The first pillar which was ranked as most important is adviser quality, made up of how advisers can approach clients with integrity, credibility and caring. 

The second pillar focused on client service, made up of individualised, reliable and proactive service. The third pillar examined the business model including the value, service offering and the fee model. The fourth pillar is practice reputation and brand and focuses on leading, quality and social responsibility.

Ms Sheils said that if advisers value client experience, then “they need to start measuring trust for clients across their practice and identity how the advisers are performing on the key pillars and how they transition that into action”.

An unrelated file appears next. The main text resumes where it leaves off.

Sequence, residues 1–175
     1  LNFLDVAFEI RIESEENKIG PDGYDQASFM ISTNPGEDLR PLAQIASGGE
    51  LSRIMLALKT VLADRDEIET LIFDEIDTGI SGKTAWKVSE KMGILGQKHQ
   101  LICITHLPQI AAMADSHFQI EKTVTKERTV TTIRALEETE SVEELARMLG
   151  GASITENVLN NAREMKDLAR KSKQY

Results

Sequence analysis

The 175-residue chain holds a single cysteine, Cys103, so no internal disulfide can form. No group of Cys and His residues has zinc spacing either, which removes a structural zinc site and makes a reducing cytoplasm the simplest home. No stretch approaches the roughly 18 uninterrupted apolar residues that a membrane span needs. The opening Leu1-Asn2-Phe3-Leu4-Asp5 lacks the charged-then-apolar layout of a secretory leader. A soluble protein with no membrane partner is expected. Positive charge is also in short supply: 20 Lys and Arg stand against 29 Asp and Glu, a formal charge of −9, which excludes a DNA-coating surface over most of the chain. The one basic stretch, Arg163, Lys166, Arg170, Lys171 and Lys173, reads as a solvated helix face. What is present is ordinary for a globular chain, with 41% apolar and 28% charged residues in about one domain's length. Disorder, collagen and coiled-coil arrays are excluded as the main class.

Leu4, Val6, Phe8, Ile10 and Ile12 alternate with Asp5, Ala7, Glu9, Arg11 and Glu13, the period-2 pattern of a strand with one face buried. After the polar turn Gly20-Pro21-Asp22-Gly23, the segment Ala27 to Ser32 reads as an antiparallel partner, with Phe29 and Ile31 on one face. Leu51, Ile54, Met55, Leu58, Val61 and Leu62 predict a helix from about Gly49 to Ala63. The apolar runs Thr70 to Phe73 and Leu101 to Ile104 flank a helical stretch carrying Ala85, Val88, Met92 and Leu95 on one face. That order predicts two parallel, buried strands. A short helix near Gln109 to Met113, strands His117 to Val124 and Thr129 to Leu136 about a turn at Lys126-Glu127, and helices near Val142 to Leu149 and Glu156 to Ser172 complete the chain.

Ms Sheils said that the importance of trust is also increasing across the financial services world.

“It wasn’t long ago it was about building large networks. Rather than larger networks, now it’s about building a strong level of trust in the inner sanctum," she said.

Commenting on day one of the ifa Client Experience Workshop, Mr Braun said the day’s insights had assisted advisers in gaining a deeper understanding of their relationships with existing and prospective clients.

“It was fantastic to be part of the ifa Client Experience Workshop today and joining all the interesting speakers who challenged financial advice firms to see their customer experience in a new light,” he said.

“In this changing environment it is an opportunity for advice firms to make some critical decisions as to how they augment digital with the physical to deliver a Silicon Valley-like customer experience.”

Day one of the Workshop also saw Rebecca Hanifin of Financial Spectrum take out a $500 prize as the daily survey winner.

The virtual ifa Client Experience Workshop continued on 29 October.